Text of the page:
Culture and Heritage
With 7,000 years of history, the Maltese Islands are steeped in culture and heritage.
This historic legacy, unique in the Mediterranean, is reflected in the country’s national architecture and collections. There are so many areas of heritage and culture to be explored – the 16th century masterpiece Grandmasters’ Palace, the “Sacra Infermeria”, which is now a fully equipped conference centre, the St. James Centre for Creativity – a superbly restored fortification where contemporary works of art are exhibited against the original rough-textured walls and rediscovered spaces. With these buildings, past and present blend into an enduring and admirable lesson in the art of living.
The arts have always played a large role in Maltese culture and continue to do so with cultural events occurring frequently. The National Museum of Fine Arts, housed in an exuberant Rococo building dating from the 1570’s, exhibits some magnificent art, ranging from the early Renaissance to modern times. Both established and budding artists are encouraged to display their efforts through publicly-supported programs. There is always an exhibition of some kind running.
Theatre and music are also very popular in the Islands. A variety of theatres – including the Valletta’s Manoel Theatre and two opera houses in Victoria (Gozo) – as well as several open-air venues offer wide selection of plays, musicals, operas and concerts.
One of the joys of being on The Maltese Islands is that, no matter where you are, you’re never far from one of the many magnificent beaches or secluded little coves.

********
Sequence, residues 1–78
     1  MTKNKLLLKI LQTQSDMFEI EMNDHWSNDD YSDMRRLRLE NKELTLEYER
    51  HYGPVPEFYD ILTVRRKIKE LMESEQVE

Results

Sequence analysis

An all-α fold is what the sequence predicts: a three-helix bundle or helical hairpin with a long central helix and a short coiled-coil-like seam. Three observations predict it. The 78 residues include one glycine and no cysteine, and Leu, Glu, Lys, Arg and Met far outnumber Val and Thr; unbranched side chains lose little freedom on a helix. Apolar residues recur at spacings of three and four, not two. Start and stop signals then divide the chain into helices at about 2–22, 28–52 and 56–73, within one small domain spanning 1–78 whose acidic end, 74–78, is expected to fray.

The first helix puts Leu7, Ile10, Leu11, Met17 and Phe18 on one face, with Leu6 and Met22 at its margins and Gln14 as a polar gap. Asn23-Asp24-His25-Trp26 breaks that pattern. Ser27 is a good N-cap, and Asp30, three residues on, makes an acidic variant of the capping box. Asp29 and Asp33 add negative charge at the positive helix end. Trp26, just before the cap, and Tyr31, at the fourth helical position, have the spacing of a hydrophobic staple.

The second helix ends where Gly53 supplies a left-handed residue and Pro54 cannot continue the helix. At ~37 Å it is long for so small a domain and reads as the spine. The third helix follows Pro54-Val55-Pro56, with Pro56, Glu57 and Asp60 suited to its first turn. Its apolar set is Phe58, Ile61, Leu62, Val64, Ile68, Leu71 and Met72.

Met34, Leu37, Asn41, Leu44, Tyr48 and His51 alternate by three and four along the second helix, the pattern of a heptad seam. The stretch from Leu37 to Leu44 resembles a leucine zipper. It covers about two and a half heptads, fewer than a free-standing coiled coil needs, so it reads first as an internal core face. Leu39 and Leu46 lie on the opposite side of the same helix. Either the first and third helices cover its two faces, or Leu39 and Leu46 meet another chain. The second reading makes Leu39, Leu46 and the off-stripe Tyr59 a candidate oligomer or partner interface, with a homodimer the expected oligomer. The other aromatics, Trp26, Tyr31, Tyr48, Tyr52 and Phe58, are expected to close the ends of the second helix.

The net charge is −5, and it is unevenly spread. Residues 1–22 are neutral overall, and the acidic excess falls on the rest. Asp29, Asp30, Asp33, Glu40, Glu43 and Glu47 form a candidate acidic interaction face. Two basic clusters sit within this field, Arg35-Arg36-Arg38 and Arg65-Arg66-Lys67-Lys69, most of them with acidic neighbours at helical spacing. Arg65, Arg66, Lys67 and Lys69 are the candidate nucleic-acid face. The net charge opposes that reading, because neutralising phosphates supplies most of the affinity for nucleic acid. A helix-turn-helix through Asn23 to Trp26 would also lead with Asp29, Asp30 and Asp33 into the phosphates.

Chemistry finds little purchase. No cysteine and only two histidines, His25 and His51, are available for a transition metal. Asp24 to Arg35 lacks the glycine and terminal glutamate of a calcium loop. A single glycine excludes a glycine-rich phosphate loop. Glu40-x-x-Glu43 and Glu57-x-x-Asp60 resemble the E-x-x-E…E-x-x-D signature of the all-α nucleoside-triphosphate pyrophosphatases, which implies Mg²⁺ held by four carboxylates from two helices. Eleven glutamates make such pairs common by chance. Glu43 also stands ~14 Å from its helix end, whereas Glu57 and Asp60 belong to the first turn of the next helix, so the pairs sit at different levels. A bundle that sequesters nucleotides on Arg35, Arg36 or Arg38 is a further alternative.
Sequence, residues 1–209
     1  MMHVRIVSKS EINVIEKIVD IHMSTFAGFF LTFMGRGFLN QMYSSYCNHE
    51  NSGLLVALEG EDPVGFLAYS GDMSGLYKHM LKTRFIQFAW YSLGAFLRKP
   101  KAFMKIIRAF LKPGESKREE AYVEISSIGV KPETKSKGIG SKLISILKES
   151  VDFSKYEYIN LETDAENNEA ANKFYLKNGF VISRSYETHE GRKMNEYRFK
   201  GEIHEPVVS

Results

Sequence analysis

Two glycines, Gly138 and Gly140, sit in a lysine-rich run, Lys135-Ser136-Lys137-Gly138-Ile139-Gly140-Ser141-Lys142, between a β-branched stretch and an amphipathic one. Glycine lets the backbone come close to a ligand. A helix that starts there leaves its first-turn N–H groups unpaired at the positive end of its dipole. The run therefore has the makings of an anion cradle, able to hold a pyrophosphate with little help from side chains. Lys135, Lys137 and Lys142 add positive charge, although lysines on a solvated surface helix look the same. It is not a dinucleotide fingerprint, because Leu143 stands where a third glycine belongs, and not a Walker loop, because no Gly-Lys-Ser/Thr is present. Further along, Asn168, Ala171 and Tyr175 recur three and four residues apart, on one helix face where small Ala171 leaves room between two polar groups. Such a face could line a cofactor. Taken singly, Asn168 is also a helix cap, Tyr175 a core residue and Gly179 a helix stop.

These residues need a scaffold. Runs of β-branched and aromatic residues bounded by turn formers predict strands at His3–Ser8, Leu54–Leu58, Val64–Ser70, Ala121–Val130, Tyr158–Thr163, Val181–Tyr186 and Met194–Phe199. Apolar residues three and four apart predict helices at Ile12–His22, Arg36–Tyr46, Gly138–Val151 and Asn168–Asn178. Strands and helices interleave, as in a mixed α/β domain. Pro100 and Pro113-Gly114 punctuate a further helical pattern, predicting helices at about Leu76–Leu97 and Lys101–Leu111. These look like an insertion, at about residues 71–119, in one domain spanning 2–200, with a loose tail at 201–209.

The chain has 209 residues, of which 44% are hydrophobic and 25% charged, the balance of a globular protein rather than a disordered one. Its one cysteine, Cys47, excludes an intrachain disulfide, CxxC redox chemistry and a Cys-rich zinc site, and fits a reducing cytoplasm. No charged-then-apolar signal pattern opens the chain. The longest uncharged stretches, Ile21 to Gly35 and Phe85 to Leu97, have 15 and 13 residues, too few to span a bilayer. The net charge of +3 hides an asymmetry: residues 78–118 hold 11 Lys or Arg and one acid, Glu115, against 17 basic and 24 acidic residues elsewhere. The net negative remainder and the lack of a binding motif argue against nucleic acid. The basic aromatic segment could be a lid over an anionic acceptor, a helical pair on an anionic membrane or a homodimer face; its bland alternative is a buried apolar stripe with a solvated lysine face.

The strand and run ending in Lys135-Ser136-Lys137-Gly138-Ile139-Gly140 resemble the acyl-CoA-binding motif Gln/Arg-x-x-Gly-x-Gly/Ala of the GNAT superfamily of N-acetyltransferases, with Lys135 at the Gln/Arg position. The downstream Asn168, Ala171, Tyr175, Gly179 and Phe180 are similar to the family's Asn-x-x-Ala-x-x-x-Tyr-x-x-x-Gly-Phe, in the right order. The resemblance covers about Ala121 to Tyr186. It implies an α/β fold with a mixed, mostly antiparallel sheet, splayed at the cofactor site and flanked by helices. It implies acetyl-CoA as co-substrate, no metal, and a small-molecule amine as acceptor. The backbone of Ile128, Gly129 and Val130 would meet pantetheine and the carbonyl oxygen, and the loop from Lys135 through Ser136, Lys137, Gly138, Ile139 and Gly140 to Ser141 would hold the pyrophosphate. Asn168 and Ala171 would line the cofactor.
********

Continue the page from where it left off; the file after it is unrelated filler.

There is a choice of both sandy and rocky beaches on the Islands, offering practical areas for the family, scenic spots for the romantics, serene areas for those in want of peace and spots for those who are interested in a bit of summer sports fun.
The Maltese coastal waters are generally clean and safe for swimming as there are no tides and the sea temperature averages around 22.8C in summer. Annual rainfall is low, averaging 578mm a year and the length of the dry season in summer is even longer than in neighbouring Italy.
Malta’s climate is strongly influenced by the sea so the Islands have a very sunny climate with a daily average of more than twelve hours of sunshine in summer and five to six hours in mid-winter.
Summers are hot but often mitigated by cooling sea breezes. June is the ideal time of year to come for sun and sea as the summer season is just getting into full swing and it’s not too hot. July through September are the peak summer months (temperature average: 30C/86F) while August is the hottest and busiest month of summer (average temperature: 40C/104F).
Swimming is possible well in to the Autumn months and the peak beach season can last until mid to late October, which is a great time to visit as the temperatures are bearable, the sun still shines, but the Islands are less populated and more serene.
Spring is a season full of surprises; a touch of rain, some beautiful crisp days and others that are perfect for spending on the beach.
Although Winters are mild, swimming from November to February is not recommended as the water and air tends to be quite fresh, especially when north or north-easterly winds blow from central Europe.